5. Temps off our dear Cape Ann are 40F, but a full 80F off Playa del Carmen, and I've already broken both snow shovels. Hence I don't need another zetz to get on that plane!
  6. A quick Google-search of nspn and/or seakayak and Yucatan yielded nothing, so I ask if paddlers have any L2-3 experience (an arthritic flare precludes L4 right now) between Cancun and Playa del Carmen on the north-east side of the peninsula? All I could find were rec trips among mangroves. It'd be great to enjoy some warm ocean after this 28" dumper. Thanks. Ern
  7. Bearded, Sorry, but you ARE mistaken in saying that Kevlar is more fragile than glass...or even all-carbon fiber constructions. To greatly simplify, glass is brittle, reasonably stiff and a very cheap material; carbon is strong, light, brittle, and most expensive; Kevlar is compliant, very strong, and also pricey. Kevlar's compliance can make all-Kevlar layups "floppier" unless attention is made to breaking up long panels' resonance. That's why composite Kevlar-Carbon matrices are popular as they combine the stiffness of carbon with the toughness (impact resistance...see "bullet-proof vests!") of Kevlar. All-carbon designs are certainly lightest, as they can be made very thin and remain stiff, but hence are fragile, and best for non-contact events like racing. Hope this helps. Ern
  8. Having now become proficient at replacing corroded contacts in M88's, I was surprised to take David's non-functioning M88 apart to find NO water incursion, disconnected connectors, broken/cracked contacts, nor apparent cold solder joints. iCom wants $90 shipped just to LOOK at it. Hmmm.... Also notice that a PAIR of new 1.7 aH batteries for M88 are only $19-24 on eBay, but the non-cloned 2 aH one for the M72 is a whopping $83 each! Makes one wonder, and perhaps reconsider relative value.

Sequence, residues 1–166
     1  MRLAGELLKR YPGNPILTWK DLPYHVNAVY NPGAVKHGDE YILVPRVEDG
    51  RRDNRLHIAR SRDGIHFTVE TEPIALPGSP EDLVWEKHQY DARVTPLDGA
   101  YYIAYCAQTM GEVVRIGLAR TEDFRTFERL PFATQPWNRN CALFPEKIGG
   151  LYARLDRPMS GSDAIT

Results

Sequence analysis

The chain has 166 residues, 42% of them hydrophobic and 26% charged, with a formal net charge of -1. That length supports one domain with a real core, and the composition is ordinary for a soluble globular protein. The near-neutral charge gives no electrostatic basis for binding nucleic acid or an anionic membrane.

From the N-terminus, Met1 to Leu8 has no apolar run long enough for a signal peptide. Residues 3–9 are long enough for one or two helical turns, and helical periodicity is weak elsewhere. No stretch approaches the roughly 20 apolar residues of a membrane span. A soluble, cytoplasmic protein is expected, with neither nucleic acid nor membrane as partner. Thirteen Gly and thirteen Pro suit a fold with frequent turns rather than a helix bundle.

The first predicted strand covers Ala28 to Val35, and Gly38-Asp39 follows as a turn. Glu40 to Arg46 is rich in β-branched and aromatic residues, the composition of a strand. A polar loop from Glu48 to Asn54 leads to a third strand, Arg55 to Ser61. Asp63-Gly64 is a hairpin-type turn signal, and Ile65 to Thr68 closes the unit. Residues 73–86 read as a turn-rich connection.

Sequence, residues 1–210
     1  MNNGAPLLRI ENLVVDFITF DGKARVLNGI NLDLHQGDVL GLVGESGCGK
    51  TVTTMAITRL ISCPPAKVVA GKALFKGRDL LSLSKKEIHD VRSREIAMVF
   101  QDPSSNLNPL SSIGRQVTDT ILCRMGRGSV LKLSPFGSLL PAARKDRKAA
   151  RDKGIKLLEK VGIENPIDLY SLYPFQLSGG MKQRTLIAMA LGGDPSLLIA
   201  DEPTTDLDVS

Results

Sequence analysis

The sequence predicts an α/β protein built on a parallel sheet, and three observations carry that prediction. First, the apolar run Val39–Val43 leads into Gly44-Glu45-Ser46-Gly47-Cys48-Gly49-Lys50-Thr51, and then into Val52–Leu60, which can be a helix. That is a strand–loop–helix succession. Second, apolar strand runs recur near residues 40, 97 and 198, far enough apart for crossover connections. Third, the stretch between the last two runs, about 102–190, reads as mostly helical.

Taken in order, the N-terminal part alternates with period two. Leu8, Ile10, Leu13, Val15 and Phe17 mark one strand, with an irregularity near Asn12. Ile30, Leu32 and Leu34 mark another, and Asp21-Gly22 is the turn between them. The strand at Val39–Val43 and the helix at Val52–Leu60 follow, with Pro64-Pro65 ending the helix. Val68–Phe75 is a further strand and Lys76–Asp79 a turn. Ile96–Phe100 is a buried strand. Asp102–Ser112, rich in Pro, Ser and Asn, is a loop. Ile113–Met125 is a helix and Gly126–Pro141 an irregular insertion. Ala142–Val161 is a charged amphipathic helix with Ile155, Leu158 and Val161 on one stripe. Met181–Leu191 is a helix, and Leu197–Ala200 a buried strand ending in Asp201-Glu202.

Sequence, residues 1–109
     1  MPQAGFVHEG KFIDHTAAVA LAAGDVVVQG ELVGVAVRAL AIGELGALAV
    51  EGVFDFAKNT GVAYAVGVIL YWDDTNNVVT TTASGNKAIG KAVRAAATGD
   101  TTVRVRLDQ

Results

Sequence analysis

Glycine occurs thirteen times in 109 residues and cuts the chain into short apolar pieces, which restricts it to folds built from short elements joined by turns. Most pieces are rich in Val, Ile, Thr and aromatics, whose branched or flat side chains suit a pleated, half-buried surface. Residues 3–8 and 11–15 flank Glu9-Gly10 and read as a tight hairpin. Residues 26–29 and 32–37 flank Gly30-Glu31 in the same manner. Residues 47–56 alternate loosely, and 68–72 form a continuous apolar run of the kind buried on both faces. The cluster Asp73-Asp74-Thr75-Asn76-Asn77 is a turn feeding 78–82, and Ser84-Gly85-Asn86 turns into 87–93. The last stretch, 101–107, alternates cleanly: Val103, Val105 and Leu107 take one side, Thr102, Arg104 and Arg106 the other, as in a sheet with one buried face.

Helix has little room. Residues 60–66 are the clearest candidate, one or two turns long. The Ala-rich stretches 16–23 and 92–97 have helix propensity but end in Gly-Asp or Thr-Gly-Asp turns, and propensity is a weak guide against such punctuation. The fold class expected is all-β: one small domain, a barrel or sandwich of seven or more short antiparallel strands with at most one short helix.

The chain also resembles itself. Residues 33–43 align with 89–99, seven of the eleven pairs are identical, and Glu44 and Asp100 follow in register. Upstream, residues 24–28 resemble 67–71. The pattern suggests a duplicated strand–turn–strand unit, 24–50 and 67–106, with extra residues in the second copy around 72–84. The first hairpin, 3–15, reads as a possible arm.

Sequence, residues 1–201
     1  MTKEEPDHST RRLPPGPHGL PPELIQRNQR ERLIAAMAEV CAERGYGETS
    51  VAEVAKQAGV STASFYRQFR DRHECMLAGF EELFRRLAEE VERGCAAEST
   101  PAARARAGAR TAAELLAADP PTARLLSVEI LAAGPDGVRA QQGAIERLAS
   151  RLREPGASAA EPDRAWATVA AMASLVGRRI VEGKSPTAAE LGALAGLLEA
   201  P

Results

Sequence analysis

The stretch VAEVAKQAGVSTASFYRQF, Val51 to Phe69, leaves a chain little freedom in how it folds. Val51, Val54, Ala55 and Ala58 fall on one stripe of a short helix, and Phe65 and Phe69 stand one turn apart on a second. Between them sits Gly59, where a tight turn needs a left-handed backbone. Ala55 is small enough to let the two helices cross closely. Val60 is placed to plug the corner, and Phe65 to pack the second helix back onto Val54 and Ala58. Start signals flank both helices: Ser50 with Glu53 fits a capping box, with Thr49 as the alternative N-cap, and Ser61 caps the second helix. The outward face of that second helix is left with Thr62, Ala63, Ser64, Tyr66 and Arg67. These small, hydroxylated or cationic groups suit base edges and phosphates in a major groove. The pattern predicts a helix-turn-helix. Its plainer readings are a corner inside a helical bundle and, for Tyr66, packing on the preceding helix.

9. Hi Nancy, I'm a maybe if I don't have to work. Al and I dug into the same environs a couple of weeks ago at high tide, and it was a beauty. If we're larger than 8 I'd suggest two pods.... Ern
  10. Cath, Paddling two 17+ footers of identical weight, beam, cockpit and customized seats, it's been fascinating for me to compare a long waterline Force 5 with a short waterline Vaag. Whereas the Vaag needs LOTS of skeg to maintain reasonable tracking...and to counter windcocking, the Force almost NEVER requires any skeg unless strong winds prevail. Indeed, cocking with the Vaag can get "locked" so that withdrawing the skeg is required in order to strongly sweep-turn a 90 and THEN redeploy the skeg to maintain a track. I mention this because I believe that your mass is indeed insufficient to keep a short waterline vessel on track. I've seen many light-to-medium mass paddlers VERY successfully manage a Force 3 in tougher conditions, so would recommend you try one. It's a little less "playful" than others mentioned, but stronger tracking and simply easier to manage in condition, especially with a light load. The long waterline keeps it from feeling quick in initial acceleration, but it's a nice solid, speedy locomotive once under way. I've been paddling the Vaag a lot lately, as it's so much fun, and loves to surf (unlike the Forces, which zig-zag in following seas), but for covering DISTANCE in most conditions the easy choice is the Force.